Welcome: The evangelical city church

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I am welcomed at the door by Denise.  I know this because she is wearing a badge that says: “Denise, Welcomer.”

This is an evangelical church with two large congregations each Sunday morning plus a lot of weekday activities.  Denise shows me a good place to sit – towards the back, but not so far back that I am unable to see or take part. She makes sure that I have the weekly pew sheet and tells me that the words of the hymns and the Bible readings will be on the screen.  She then leaves me and returns to the door.

For some time I am on my own but then a young girl comes and sits next to me.  When the service starts we are invited to introduce ourselves to our neighbours.  Pollyanna tells me that she is a student at the university and that she is looking for a church to belong to.  This is her first visit here.

After the service we are instructed to stay in our places and coffee will be brought to us.  Denise, the welcomer, reappears and tells Pollyanna and me that she will fetch coffee for us. There is no time in this gap between services for us to mingle with other members of the congregation, no time to make contact with anyone in the church except for Denise.  Pollyanna and I make each other welcome, she tells me about her very charismatic home church. This one isn’t quite the same, she is planning to try a different church next week.

Denise returns with the coffee.  She asks me how I found the service and I tell her it was very interesting (this has become my catch all phrase).  I ask her how long she has been coming (12 years) and what it is that keeps her coming here (the teaching). She ask me if I will come again and I make a vague reply.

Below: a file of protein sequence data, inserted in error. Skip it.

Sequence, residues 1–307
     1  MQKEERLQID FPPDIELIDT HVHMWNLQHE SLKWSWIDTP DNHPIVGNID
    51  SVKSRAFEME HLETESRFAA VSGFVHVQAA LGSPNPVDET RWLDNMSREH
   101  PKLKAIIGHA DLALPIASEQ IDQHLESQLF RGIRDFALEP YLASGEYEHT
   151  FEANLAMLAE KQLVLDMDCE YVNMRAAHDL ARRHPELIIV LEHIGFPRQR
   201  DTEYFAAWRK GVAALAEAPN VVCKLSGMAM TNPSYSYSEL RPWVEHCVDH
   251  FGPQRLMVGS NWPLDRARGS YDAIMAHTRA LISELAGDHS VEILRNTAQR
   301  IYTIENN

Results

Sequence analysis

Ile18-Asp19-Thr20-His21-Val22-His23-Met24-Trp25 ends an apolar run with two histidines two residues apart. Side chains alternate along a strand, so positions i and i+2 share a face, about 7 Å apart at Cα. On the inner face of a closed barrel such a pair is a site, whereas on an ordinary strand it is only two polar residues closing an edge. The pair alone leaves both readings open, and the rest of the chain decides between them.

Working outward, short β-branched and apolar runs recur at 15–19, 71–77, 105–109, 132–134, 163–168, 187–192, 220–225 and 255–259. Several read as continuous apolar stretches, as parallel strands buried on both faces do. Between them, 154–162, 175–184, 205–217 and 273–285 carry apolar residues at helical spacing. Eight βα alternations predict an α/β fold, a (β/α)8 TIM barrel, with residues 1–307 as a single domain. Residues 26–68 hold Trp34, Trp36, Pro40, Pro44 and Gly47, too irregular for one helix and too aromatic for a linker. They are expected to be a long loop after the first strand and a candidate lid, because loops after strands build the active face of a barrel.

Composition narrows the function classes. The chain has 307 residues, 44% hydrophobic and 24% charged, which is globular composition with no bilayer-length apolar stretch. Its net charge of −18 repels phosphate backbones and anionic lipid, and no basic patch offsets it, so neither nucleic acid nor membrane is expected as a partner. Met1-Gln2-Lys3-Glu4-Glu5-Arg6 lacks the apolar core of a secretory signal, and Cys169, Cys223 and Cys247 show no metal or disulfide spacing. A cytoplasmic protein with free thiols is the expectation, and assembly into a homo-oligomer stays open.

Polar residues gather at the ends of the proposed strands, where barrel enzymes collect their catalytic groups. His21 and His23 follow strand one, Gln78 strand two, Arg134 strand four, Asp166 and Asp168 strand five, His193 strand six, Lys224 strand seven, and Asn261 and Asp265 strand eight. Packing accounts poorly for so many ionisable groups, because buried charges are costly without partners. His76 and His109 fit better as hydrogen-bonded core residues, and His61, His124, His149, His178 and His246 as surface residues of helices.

Denise has done a good job of welcoming me. She has been smiling and friendly. She has shown me where to sit, told me about the service beforehand, reappeared at critical moments, brought coffee and stayed to chat.

But she has left me feeling exactly that: I am her job.  Although she has completed all the tick lists I leave feeling that my real welcome at this church came from Pollyanna the visiting student.

Welcoming: The city church

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I have spoken to no one since I arrived in this church; even the hymnbooks were given out with a smile rather than words. Now it is coffee time; I collect my cup and sit next to the woman who shared my pew. So far, we have had no contact except for a brief sharing of the peace. Now we sit next to each other, staring forward into space.  No one comes to speak to us.  We neither speak nor look at each other.  I wonder which of us will crack first.

Eventually I turn to her and ask if she comes here often (!)   She doesn’t. She is church searching and this church was recommended to her. This is her second visit; she likes it and may well come again when she is in the city.  We chat for several minutes before she has to leave to catch her train.

Now three members of the church approach me. They are friendly and welcoming.  We talk easily. By chatting to the woman next to me, I seem to have become visible to the people of this church. But what if I hadn’t?  Would I have left without speaking to anyone?